Veterans and Asbestos

Many veterans developed mesothelioma as a result of asbestos exposure during their military service. Navy veterans are the most at risk, but all veterans should be aware of asbestos exposure.

Why is Asbestos so Common in the Military?

Asbestos was heavily used in the military because of its insulating properties. It was a convenient material for construction and manufacturing applications. Veterans who held occupations such as construction and shipyard work had a high risk of exposure.

What Veterans Need to Know About Asbestos

Asbestos Widely Used in Military

Asbestos materials have been widely used in every branch of the military. Exposure to asbestos was extremely common in the military until the late 1970s. While the Navy has the most cases of mesothelioma, veterans of any branch may be at risk.

Secondary Exposure Risks

Veterans serving in construction and labor occupations weren’t the only veterans at risk of asbestos exposure. Other personnel (doctors, secretaries, etc.) may have had secondary exposure to asbestos or direct exposure if serving on a ship.

All Veterans Have Risk of Asbestos Exposure

Exposure was unavoidable for these men and women who put themselves in harm’s way. The latency period for mesothelioma is 20-50 years. Because of this, a majority of these service members are being diagnosed now.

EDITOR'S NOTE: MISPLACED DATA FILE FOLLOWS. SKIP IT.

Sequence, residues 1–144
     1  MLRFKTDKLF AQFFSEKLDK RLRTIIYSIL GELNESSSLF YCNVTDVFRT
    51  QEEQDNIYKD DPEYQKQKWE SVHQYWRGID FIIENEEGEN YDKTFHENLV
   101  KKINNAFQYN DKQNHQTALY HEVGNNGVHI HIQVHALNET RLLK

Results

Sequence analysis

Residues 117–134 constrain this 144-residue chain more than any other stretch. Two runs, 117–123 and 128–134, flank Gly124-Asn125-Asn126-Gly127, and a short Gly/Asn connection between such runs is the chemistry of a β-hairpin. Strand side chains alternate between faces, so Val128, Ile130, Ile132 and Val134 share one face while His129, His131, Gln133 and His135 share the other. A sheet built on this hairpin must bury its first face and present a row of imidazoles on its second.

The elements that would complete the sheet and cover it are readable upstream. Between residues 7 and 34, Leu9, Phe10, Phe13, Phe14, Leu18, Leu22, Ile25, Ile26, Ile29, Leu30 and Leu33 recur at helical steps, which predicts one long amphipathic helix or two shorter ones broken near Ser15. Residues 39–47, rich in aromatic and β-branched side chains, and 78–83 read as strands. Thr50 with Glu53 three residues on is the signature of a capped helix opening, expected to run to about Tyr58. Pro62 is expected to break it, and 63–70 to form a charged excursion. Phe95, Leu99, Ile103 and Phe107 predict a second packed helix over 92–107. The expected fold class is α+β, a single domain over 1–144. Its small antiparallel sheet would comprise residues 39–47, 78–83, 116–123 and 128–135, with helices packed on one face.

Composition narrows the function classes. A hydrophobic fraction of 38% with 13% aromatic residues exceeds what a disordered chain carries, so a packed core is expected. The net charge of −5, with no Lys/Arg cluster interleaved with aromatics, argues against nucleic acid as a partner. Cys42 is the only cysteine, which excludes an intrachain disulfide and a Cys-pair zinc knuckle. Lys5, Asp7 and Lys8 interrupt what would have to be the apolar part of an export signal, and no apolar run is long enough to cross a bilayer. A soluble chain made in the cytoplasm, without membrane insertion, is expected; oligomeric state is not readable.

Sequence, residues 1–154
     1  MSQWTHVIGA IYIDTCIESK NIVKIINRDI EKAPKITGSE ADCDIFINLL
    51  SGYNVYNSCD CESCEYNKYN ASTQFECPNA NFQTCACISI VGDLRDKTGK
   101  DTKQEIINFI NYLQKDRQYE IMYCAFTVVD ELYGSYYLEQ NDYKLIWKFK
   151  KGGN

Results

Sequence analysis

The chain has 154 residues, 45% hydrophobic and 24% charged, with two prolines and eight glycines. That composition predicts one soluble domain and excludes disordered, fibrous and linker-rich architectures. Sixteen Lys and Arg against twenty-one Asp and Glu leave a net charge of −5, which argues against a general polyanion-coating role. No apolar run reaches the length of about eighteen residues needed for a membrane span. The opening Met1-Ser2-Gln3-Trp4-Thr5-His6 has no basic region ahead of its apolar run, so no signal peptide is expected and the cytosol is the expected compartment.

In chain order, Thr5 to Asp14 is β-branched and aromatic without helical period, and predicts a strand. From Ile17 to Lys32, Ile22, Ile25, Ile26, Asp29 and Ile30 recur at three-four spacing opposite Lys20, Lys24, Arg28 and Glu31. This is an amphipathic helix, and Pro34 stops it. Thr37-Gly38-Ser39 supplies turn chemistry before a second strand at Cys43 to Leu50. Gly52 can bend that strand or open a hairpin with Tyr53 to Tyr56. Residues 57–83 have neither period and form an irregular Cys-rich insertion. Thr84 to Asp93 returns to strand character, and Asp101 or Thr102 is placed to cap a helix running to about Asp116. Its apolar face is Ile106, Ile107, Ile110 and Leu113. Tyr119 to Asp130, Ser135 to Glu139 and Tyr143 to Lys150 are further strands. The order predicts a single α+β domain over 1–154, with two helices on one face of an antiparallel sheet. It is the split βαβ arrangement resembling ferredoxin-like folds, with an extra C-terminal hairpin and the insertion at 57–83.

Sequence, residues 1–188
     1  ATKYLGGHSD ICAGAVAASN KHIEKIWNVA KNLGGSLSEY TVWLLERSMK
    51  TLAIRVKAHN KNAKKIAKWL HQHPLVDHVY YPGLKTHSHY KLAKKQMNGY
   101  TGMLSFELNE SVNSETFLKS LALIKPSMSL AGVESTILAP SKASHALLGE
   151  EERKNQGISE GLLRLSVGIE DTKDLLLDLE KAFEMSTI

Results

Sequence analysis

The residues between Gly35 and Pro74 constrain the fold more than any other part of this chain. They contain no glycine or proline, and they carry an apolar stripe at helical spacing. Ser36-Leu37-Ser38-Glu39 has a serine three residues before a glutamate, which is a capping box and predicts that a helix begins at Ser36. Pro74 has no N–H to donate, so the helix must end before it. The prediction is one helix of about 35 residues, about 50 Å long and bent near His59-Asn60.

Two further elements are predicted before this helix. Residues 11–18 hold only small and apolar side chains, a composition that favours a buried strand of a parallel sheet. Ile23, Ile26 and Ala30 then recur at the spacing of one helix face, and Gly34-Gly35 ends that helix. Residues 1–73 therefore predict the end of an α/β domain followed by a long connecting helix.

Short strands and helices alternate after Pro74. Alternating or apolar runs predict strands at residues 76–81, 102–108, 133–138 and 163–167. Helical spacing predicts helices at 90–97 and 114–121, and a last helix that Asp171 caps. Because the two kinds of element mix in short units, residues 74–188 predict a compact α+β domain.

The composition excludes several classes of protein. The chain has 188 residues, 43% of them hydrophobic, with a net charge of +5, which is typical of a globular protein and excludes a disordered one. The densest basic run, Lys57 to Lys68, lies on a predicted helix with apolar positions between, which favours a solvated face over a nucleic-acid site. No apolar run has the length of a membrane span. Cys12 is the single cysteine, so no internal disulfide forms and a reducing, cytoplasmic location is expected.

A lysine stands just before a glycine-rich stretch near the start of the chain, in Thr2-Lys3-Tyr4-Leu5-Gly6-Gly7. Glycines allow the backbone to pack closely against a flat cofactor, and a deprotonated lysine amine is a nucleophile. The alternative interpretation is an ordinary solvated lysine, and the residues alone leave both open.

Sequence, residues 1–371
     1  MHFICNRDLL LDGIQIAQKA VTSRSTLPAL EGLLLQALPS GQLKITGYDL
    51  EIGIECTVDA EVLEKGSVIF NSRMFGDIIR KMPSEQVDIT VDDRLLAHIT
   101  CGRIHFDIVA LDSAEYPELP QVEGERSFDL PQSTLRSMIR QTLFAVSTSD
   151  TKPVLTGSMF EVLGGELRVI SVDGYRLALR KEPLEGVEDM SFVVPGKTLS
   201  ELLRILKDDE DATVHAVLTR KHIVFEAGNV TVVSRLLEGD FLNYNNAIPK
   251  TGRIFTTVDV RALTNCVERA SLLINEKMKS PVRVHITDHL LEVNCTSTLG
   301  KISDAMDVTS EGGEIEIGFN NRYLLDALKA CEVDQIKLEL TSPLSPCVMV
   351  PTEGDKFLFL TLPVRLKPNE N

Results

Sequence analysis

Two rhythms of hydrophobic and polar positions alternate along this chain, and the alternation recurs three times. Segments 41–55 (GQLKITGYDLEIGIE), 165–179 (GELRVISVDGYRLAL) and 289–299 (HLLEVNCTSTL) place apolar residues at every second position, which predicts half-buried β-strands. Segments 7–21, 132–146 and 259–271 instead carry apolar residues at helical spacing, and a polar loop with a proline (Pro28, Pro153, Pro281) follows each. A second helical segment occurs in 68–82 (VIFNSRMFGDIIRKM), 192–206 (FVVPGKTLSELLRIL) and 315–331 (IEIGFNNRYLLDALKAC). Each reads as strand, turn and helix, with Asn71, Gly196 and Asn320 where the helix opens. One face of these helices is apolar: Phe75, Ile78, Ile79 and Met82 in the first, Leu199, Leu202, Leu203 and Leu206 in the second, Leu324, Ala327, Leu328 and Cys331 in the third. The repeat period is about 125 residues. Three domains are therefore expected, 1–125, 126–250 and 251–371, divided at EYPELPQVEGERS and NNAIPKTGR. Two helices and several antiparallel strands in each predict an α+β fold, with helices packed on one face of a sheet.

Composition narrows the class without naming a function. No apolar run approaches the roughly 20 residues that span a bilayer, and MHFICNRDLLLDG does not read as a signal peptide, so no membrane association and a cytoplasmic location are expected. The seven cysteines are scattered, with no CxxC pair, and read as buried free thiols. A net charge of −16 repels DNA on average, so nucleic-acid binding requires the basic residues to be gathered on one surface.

Despite representing only 8% of the nation’s population, veterans make up 30% of the cases of mesothelioma in the nation.

 

Learn About Veterans Compensation

Many of our country’s veterans were unnecessarily exposed to dangerous asbestos fibers during their service. If you are one of the many people who has developed mesothelioma after service in the military, we can help. Our VA-accredited claims agent, retired LCDR Carl Jewett, can help you file for benefits and receive compensation to help cover medical costs.

Commander Jewett can help you:
  • Navigate the filing process for faster payment of benefits.
  • Get benefits for spouses and children.
  • File for caregiver and housebound benefits.




Navy Veterans

Navy veterans are at the highest risk to develop mesothelioma. They were exposed to asbestos more than any other branch of the military. Nearly every ship that was built between the 1930’s and 1970’s contained high levels of asbestos. The hazards of asbestos were brought to the Navy’s attention in 1939, but those hazards were ignored because of the demands of wartime.

One of the most significant risks for ships at sea is that of fire. Because of its incredible fire resistance, asbestos was present in every corner of ships from that era. The U.S. Government even mandated the use of asbestos materials in certain military applications because it proved to be an easy solution to fireproofing and insulation issues on naval vessels.

Common vessels that contained asbestos are:

  • Battleships
  • Submarines
  • Escort patrol craft
  • Transport ships
  • Cargo ships
  • Repair ships
  • Gunboats
  • Torpedo boats
  • Frigates
  • Minesweepers
  • Amphibious assault ships
  • Cruisers
  • Destroyers
  • Aircraft carriers

There was an especially large amount of asbestos used in boiler rooms, pump rooms and engine rooms. Asbestos was used in gaskets, floor coverings and cements. It was also found in sleeping quarters, wardroom and turrets of the ships. Anywhere there was risk of fire, asbestos was present.

These materials were often sanded or grinded, causing fibers to become airborne (when they are most dangerous). Asbestos was impossible to avoid while on a navy ship and similar threats were present on Coast Guard ships and vessels.